Patisserie Valerie and several restaurant chains could move into the Montague Centre – but plans to be considered by councillors next week hang in the balance.
Montague Centre owners New River Retail hope to transform the town centre venue into a restaurant destination, with the likes of Nando’s and Wagamama hinted as potential tenants.
But Worthing Borough Council planners have recommended refusal of the application, seeking to protect prime retail space.
More than 1,500 residents also oppose proposals to fell three sycamore trees in favour of a glass kiosk – intended for high-end chain Patisserie Valerie, according to the council report.
Case officer Gary Peck wrote: “On balance, your officers feel that the overall level of harm outweighs the potential benefits of the scheme and the application is recommended for refusal.”
New River Retail took over the centre in 2014 but with a number of leases up in the next 12 months it began drawing up plans for the proposed £1.8million investment.
The change of use application would see units currently occupied by retailers Laura Ashley, Toy Barnhaus, Select, Clinton’s, Stacks and Verb replaced with restaurants and cafés.
The centre’s owners argued there is ‘known demand and under-supply in Worthing’ for such facilities, with decreasing demand for traditional retail.
But the report to councillors, to be considered next Wednesday (June 1), argues not enough evidence has been supplied to justify the application.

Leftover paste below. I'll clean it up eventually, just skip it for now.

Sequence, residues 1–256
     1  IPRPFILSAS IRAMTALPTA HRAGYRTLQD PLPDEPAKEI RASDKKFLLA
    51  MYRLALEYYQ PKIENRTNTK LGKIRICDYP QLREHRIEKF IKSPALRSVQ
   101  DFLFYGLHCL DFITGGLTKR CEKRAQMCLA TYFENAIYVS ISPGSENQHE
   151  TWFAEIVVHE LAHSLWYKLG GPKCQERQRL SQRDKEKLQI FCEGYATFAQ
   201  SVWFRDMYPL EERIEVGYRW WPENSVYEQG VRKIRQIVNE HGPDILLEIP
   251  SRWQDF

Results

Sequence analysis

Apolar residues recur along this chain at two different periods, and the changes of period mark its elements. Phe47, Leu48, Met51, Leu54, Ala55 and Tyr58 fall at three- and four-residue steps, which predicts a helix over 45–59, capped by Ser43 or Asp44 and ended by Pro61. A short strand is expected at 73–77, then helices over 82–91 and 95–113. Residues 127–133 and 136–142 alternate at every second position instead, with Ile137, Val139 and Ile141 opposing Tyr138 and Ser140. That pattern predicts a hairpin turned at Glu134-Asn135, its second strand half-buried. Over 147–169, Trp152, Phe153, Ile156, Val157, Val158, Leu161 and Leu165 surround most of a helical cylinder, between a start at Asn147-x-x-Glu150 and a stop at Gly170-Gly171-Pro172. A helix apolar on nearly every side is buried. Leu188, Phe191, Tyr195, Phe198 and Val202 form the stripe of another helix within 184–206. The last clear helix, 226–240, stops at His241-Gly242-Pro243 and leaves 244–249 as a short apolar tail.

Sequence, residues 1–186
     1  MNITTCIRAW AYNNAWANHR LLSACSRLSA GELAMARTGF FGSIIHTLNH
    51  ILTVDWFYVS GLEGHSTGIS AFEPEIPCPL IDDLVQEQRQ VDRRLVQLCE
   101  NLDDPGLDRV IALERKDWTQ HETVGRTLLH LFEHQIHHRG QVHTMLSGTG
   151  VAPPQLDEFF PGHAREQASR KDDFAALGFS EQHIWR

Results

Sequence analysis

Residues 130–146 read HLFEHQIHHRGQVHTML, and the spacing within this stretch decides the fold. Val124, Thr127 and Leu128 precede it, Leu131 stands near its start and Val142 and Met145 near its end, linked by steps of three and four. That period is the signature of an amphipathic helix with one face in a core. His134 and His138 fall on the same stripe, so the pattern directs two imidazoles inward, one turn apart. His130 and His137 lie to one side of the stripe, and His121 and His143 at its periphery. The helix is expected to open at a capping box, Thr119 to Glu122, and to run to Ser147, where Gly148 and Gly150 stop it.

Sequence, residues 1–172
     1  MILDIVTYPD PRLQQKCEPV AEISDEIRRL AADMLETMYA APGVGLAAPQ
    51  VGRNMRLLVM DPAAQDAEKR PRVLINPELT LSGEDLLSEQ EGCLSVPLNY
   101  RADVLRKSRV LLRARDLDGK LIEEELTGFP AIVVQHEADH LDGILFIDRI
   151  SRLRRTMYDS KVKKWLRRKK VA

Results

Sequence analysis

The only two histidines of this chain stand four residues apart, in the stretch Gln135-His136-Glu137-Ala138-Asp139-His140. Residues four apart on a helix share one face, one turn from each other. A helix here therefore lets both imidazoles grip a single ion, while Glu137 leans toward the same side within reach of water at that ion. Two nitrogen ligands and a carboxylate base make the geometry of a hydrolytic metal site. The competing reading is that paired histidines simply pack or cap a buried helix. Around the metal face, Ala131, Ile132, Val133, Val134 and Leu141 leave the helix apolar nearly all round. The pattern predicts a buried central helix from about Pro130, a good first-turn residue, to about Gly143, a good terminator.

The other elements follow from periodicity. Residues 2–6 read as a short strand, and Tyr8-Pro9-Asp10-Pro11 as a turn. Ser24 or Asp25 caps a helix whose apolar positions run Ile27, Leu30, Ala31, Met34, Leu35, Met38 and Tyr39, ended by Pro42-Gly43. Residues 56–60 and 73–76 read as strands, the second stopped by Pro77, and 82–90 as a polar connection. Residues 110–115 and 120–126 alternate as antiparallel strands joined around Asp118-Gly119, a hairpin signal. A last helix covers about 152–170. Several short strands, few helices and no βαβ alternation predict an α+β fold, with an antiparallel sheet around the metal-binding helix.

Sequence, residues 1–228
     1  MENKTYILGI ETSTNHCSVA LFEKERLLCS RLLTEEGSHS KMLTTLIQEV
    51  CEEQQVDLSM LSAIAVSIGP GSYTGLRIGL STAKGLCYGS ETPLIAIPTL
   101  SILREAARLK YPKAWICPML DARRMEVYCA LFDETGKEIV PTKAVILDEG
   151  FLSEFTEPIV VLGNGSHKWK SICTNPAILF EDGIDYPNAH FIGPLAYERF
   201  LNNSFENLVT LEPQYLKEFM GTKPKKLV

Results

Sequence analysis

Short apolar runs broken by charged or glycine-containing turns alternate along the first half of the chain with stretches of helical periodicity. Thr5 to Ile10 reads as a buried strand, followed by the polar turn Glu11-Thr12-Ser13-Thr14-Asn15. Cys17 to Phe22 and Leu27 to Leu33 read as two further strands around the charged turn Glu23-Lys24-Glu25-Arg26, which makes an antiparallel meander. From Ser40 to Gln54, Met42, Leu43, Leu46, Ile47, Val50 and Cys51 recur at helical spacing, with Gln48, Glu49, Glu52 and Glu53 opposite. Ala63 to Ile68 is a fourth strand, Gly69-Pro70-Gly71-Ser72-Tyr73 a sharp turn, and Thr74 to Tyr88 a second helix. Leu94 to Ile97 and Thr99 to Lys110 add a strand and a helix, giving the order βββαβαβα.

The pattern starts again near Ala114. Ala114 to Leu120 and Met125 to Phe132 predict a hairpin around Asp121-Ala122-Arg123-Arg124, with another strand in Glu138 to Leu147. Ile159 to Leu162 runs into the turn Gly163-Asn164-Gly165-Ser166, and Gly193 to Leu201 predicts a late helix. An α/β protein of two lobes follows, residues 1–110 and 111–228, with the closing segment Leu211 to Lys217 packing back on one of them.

Negotiations to decrease the number of restaurant units proposed also failed because alternatives were not judged by New River Retail to be viable.
But while council policy seeks to retain retail units in the centre, most of the public objection has focused on the kiosk and loss of trees.
The Worthing Society’s petition was signed by 1,527 residents, objecting to the construction of the kiosk in favour of the trees.
New River Retail plans to replace the felled sycamores with five new trees – but the council’s arboricultural officer described the current trees as having ‘outstanding public amenity’ and believes they should be retained.
Mr Peck wrote: “As acknowledged by the arboricultural assessment, there is little other landscape interest in the immediate area and ordinarily, therefore, and taking into account the public representation received in respect of the matter, there would be no grounds at all to consider the removal of these trees as being acceptable.”
The Town Centre Initiative is supportive of the application and has identified the Montague Centre as a ‘high risk’ area.
Speaking earlier in the year, New River Retail managing director Stuart Mitchell said he envisaged a similar restaurant destination to a project in Leamington Spa, which included the likes of Nando’s, Gourmet Burger Kitchen and Yo! Sushi.
He said: “We believe that our plans will help revitalise the town centre, significantly increasing its attractiveness to local residents and visitors alike, and increasing footfall for the centre and surrounding area.”
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